The Psalterium Foundation’s Next Project

St Gangolf  (Stuttgarter Passionale ca. 1150)

Our next project is currently being researched and the music material now  nearing completion – the Office of St. Gengulphus. Plans for recording the music have been delayed by Covid-19 and are now focussed on May 2022.

Saint Gengulphus was a Burgundian knight of Varennes sur Amance in the present département of Haut Marne,  France. He was a man of outstanding piety and charitableness who served as a soldier under Pepin the Short, and whose martyrdom took the unusual form of being murdered (ca 760) by his wife’s lover. His name is entered as a saint and martyr in the Roman Martyrology on 11th May, which is generally accepted to have been the date of his death. Whilst being particularly regarded as the patron saint of deceived husbands and unhappy marriages, St Gengulphus also has traditional assocations with shoe-makers, tanners, glove-makers, horsemen, knights and huntsmen.

In this day and age of increasing numbers of divorces, broken and unhappy marriages it seems appropriate to try to breathe some new life into this neglected cultus. Music for this office is not listed in the 55 volume  Analecta Hymnica Medii Aevi  (an invaluable resource for historians of liturgy, music, and more generally, the Latin poetry of the medieval Church) – an indication of this office’s rarity.

We located much of the office (Magnificat antiphon for the first vespers, full matins – invitatorium, 9 antiphons, 6 readings and 9 responds – and full lauds) of St. Gengulphus in a 13th century manuscript. This manuscript (Metz 0461) was lost in a bombing raid in WWII on the French city of Metz (NE France), but survived in a microfilm made by the Abbey of Solesmes in the interbellum years to support their research into chant restoration. An early hymn for Gengulphus was also found in an 11th century manuscript – text only, still searching for the appropriate music for this hymn. This proved more difficult than finding the office material but we did locate it in Monumenta Germaniae Historica (see page 170) in an account by a very renowned  20th century German historian – Wilhelm Levison – on the life of St Gengulphus (Vita I). He refers to an 11th century manuscript in Berlin – but we still have to confirm this in the referred to manuscript itself for 100% certainty (it is (yet) not online).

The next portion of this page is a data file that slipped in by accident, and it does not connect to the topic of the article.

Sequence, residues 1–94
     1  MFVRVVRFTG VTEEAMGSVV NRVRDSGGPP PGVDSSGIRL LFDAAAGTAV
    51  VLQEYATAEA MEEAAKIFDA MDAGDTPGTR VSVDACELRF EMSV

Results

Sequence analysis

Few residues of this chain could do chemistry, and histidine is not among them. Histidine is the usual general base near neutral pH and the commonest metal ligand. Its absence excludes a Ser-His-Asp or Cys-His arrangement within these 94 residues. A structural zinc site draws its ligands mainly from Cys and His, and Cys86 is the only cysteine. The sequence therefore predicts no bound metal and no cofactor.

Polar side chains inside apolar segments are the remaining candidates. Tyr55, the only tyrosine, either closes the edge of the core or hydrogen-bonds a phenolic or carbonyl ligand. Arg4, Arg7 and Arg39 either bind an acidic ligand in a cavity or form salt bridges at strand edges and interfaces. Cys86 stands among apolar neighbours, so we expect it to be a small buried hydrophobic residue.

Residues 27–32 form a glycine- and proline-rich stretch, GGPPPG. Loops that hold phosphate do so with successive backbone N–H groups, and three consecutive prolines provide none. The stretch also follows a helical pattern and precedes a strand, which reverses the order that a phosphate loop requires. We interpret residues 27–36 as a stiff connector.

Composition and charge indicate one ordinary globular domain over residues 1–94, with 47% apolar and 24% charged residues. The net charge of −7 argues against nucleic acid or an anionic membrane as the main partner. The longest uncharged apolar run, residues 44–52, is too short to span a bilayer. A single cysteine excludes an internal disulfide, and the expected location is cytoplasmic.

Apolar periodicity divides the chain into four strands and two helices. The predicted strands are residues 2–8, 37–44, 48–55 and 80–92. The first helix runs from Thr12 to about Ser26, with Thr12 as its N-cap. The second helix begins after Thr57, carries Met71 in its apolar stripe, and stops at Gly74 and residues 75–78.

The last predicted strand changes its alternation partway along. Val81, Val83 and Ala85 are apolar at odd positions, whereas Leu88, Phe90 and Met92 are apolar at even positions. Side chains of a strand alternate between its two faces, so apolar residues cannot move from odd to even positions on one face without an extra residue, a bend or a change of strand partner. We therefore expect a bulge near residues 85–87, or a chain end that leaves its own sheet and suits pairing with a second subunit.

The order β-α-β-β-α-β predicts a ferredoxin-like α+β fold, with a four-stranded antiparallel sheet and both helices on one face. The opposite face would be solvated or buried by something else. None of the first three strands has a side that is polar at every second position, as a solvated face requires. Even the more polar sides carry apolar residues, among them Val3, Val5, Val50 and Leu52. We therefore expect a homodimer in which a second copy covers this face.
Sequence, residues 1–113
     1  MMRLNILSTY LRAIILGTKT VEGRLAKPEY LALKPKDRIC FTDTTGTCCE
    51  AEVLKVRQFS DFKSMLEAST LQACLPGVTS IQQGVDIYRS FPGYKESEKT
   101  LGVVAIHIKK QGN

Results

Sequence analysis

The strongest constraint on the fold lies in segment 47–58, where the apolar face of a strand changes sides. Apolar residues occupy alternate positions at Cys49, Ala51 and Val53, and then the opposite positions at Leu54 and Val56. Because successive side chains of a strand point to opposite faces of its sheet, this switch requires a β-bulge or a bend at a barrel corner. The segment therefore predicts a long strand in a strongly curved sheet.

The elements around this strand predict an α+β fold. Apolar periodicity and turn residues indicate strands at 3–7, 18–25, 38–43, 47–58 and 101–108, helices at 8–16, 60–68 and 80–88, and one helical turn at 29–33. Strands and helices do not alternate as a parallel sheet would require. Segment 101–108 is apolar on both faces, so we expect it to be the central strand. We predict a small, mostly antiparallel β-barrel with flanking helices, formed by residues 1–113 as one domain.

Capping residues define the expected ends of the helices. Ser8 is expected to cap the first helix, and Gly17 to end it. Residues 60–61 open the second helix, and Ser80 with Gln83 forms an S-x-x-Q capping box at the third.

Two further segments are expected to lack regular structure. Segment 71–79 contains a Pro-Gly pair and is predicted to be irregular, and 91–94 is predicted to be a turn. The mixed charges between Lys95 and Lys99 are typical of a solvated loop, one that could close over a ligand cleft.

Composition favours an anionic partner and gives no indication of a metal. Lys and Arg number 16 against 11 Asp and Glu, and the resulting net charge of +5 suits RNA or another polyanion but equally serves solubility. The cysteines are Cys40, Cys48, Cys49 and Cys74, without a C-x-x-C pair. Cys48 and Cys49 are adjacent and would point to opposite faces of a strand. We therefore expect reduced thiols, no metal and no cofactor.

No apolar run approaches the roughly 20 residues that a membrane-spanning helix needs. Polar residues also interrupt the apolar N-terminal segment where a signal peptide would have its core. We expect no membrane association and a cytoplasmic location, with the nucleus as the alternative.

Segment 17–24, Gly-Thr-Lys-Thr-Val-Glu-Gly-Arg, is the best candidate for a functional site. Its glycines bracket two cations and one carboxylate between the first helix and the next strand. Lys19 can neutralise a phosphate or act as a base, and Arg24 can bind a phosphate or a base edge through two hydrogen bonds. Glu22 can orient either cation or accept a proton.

Present planning is to record the office in the church in Malay  (southern Burgundy) in a week long recording session in October 2022 (an earlier scheduled 2020 date was delayed due to the corona crisis).  This is the same location as used for the Psalterium Project completed in May 2018.  Presentation of the Gengulphus project is now indefinite.

See for more information on this secular saint. Much of the material on on this new site was retrieved from disused site via Google cache in the summer of 2019 and transposed by the Foundation to its present location to make us able to expand and edit the material. Most importantly for us – one of the new chapters introduced concerns the music composed for the office of St Gengulphus which we have been able to locate – and put online! Most of the material available has been posted. More will come!

The Psalterium Foundation is very thankful to Paul Trenchard (author/researcher of all the material in the former site – a most serious research effort!) for permission to retrieve this material and to expand and utilize it as an instrument to market our planned recording of the St. Gengoux office in 2022.  And, for what it’s worth, to encourage – perhaps – a revival in the devotion to St. Gengulphus to support those today faced with marital challenges.

St Gengoux (2nd from right) with from left, St. Genevieve, St Roche and St Louis
St Gengoux le National (71) France